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Roundup® the usual suspects: Could a weed killer cause hormonal imbalances in rats?

Pesticides are becoming a major health concern worldwide. Recently, Saudi Arabia, one of the major importers of green chillies from India issued a ban against this import citing high levels of pesticides in shipments. In a bizarre case in North India, five tigers were thought to have been killed by pesticides—DDT—between 2013 and 2015. Yet another story blames the widespread use of pesticides in Punjab as the main reason for rising cancer rates in the state.

Given the current extensive use of pesticides in agriculture and even in city gardens and playgrounds, concerns about the potential health risks of these chemicals need to be evaluated. Working towards addressing this matter, a group from the Indian Institute of Science (IISc), Bangalore, has tested the effects of a commonly used herbicide named Roundup® on hormonal balance in rats. In a recently published paper in the journal Toxicology Reports, Prof. Medhamurthy and his student Ms. Aparamita Pandey have found that Roundup® can cause imbalances in the synthesis of steroid hormones in male rats.

Roundup® marketed by Monsanto is the most extensively used herbicide. Roundup® kills weeds by inhibiting enzymes that synthesize aromatic amino acids (the basic building blocks that make up proteins) essential for plant development. Humans and most mammals do not have the enzymes for and therefore cannot synthesise these aromatic amino acids – which is why Roundup® is considered to be ‘safe’ and ‘non-toxic’. Recent studies, however, have suggested that Glyphosate, the primary constituent of Roundup® could be a carcinogen, affect the development of fetus and disrupt the hormonal function.

In males, the majority of steroid hormones are secreted by testis and the adrenal gland (hormone producing gland situated just above the kidneys). The corticosteroid hormones from the adrenal glands are vital not only for maintaining normal glucose and fat metabolism, but also for mineral balance in the body. The male hormone, testosterone, secreted from testis is essential for sexual functions. Secretion of corticosteroids and testosterone are controlled by the pituitary or ‘master gland’ that is found in the brain. Roundup® exposure at a dose as low as 10 mg per Kg body weight of rats causes decrease in testosterone and corticosterone secretions. The study uncovered that the effects of Roundup® seem to be caused by a decrease in the synthesis or release of the hormone ACTH (Adreno-Cortico-Tropic Hormone) from the pituitary gland. Without ACTH, the adrenal glands are not able to stimulate corticosterone hormone production. When rats exposed to Roundup® were injected with ACTH preparation, the deficiency of corticosterone was overcome.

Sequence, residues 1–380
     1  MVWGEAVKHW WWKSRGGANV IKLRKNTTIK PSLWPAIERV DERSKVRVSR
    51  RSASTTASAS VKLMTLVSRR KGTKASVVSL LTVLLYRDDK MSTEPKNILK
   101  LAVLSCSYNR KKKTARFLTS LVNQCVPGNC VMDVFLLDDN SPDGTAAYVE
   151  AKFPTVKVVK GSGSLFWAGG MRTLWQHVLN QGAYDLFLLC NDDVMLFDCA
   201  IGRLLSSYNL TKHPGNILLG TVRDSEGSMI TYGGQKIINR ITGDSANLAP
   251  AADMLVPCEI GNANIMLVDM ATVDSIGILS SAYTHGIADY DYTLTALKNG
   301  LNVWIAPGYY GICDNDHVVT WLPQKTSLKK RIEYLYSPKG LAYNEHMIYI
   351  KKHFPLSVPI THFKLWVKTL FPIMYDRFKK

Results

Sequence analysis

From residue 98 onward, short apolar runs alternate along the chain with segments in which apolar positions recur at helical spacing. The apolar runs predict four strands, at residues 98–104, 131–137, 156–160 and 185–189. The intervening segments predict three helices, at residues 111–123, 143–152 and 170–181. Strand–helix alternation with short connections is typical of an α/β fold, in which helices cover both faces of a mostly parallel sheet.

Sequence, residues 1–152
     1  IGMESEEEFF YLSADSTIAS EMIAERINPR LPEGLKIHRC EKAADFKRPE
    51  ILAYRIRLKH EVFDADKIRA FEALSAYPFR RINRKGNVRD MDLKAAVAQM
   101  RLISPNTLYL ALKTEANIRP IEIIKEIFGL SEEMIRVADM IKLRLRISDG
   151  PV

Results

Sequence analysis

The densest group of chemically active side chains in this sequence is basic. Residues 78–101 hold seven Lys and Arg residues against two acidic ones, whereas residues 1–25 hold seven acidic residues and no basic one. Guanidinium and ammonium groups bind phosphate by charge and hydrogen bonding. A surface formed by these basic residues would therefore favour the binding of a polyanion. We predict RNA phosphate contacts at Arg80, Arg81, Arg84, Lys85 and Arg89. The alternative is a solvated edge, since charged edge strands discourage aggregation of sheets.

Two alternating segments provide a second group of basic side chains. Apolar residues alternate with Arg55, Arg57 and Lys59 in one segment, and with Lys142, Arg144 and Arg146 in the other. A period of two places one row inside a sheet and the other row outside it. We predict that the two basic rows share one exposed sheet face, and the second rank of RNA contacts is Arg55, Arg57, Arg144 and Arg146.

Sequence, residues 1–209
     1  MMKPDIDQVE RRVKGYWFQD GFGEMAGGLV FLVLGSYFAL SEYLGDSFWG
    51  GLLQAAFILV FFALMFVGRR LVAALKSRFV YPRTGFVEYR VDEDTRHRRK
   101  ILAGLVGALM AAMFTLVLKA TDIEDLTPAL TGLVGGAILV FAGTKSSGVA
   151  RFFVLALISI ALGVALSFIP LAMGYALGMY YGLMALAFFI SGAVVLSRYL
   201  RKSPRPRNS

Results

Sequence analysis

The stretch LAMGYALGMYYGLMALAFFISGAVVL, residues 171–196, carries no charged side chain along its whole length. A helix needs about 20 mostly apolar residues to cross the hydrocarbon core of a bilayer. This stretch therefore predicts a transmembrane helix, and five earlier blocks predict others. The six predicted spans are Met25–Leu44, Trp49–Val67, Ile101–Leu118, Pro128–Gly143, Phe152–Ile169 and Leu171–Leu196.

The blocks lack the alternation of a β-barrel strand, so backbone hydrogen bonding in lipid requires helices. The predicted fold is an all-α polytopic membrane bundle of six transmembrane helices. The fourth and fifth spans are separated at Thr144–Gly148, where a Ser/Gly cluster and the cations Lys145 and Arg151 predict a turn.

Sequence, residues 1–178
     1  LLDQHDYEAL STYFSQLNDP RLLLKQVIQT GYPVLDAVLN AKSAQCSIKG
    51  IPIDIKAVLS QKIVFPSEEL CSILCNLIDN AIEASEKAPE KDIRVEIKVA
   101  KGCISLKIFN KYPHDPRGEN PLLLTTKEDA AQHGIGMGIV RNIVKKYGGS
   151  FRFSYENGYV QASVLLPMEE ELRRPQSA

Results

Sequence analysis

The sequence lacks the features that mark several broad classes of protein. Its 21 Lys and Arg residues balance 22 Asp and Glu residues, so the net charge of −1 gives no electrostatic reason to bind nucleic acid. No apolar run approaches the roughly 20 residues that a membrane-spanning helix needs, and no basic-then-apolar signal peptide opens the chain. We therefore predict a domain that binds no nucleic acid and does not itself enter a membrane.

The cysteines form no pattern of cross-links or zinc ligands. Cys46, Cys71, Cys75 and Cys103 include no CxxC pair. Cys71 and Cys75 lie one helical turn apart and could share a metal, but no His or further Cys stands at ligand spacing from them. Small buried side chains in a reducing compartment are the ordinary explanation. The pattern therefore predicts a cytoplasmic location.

“It is therefore highly possible that Roundup® affects other endocrine glands as well”, says Aparamita, first author of the study. “In this study we treated mice with Roundup® for only two weeks and we see such clear effects. Further investigations on longer exposure times should now be done as this weed killer is extensively used and humans are potentially exposed to it”, she adds.

The findings of this study are ominous since the research findings suggest that Roundup® interferes with the functioning of the pituitary or ‘master gland’ that controls the functioning of vital hormonal systems in the body. The current study draws a parallel between the observed effects of Roundup® treatment in rats to a condition known as ‘adrenal insufficiency’ in humans. Adrenal insufficiency is caused by abnormally low levels of cortisol that manifests as fatigue, anorexia, sweating, anxiety, shaking, nausea, heart palpitations and weight loss; chronic cases of which can be fatal, if untreated. Systematic studies to investigate the role of Roundup® exposure in adrenal insufficiency cases in humans are now warranted to validate that the formulation is truly ‘non-toxic’ to humans.

About the Authors:

Aparamita Pandey is a PhD student in Department of Molecular Reproduction, Development and Genetics, Indian Institute of Science.

Medhamurthy Rudraiah is Professor at Department of Molecular Reproduction, Development and Genetics, Indian Institute of Science.

Contact:

Medhamurthy Rudraiah:  rmm@mrdg.iisc.ernet.in ; 080-22933460

Aparamita Pandey: aparamita@mrdg.iisc.ernet.in ; 080-22932490

The paper appeared in Toxicology Reports journal by Elsevier.

http://www.sciencedirect.com/science/article/pii/S221475001530041X

 

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